Electronic Thesis and Dissertation Repository


Doctor of Philosophy




Dr. Christopher Keep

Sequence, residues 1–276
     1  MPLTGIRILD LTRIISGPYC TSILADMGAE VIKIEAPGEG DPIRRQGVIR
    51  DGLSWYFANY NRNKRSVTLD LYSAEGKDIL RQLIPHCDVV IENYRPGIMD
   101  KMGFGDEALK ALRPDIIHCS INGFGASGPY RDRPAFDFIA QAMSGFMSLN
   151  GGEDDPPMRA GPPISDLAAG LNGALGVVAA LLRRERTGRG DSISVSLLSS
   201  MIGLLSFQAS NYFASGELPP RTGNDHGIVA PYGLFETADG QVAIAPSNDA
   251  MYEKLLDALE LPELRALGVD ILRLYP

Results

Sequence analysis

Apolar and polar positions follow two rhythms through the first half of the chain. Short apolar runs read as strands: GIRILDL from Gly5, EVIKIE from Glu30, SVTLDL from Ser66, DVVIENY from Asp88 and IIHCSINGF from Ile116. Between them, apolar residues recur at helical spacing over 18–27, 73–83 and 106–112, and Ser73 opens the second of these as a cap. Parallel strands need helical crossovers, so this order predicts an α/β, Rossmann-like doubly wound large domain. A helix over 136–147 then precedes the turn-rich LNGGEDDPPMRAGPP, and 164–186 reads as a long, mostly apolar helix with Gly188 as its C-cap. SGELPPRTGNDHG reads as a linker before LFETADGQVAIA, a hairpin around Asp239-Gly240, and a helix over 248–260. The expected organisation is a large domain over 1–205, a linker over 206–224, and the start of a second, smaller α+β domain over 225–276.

The Book Beautiful: Aestheticism, Materiality, and Queer Books studies the multimedial art of decorated books of the British Aesthetic Movement (1880-1900). Incorporating textual scholarship and queer theory, the project considers how the language of sexual intercourse, as it was expressed through Aestheticism’s conception of Eros, influenced a textual intercourse between literary content and bibliographical design. Paying particular attention to the influence of book design, typography, and illustration, the decorated book is reread as a total work of art that is realised when diverse concepts of beauty and eroticism are bound together in a single edition of a book. The result of these diverse artists collaborating on the creation of beautiful books for publishers The Bodley Head and Leonard Smithers Ltd., was a queer revision of literature as a material art form and of the book as a multimedial medium of creative expression capable of circulating a discourse of beauty and sexuality realised through the integration of literary and material creative expression. Chapter 1 places the emergence of the queer book in the history of the nineteenth century’s Revival of Printing, paying particular attention to the influence of William Morris’s work with the Kelmscott Press and what he called his “Ideal Book,” in order to demonstrate how the collaboration of Oscar Wilde, Charles Shannon, and Charles Ricketts on A House of Pomegranates expresses Aesthetic ideas of beauty within the material exigencies of industrial bookmaking practices. Chapter 2 looks at John Gray’s volume of poetry, Silverpoints as the product of a textual intercourse between the author and the book’s designer, Charles Ricketts, in order to explore how the performativity of Gray’s Aesthetic persona – an Aesthetic ideal momentarily realised in Gray’s recitation of his work – finds a life of its own in the material book. Chapter 3 revises Linda Dowling’s philological concept of the “fatal book” in order to read Oscar Wilde and Aubrey Beardsley’s bibliographical collaboration on Salome for The Bodley Head, as a Decadent ars erotica, a text that represents sexual dissidence as a sacred cultural discourse. Chapter 4 examines Leonard Smithers’s publication of The Savoy as a queer periodical by revising the act of reading as a masturbatory textual intercourse between contributors practicing self-reflexive critical analysis. The project concludes with a look at the sexual politics that leads to the demise of the queer book within British Aestheticism.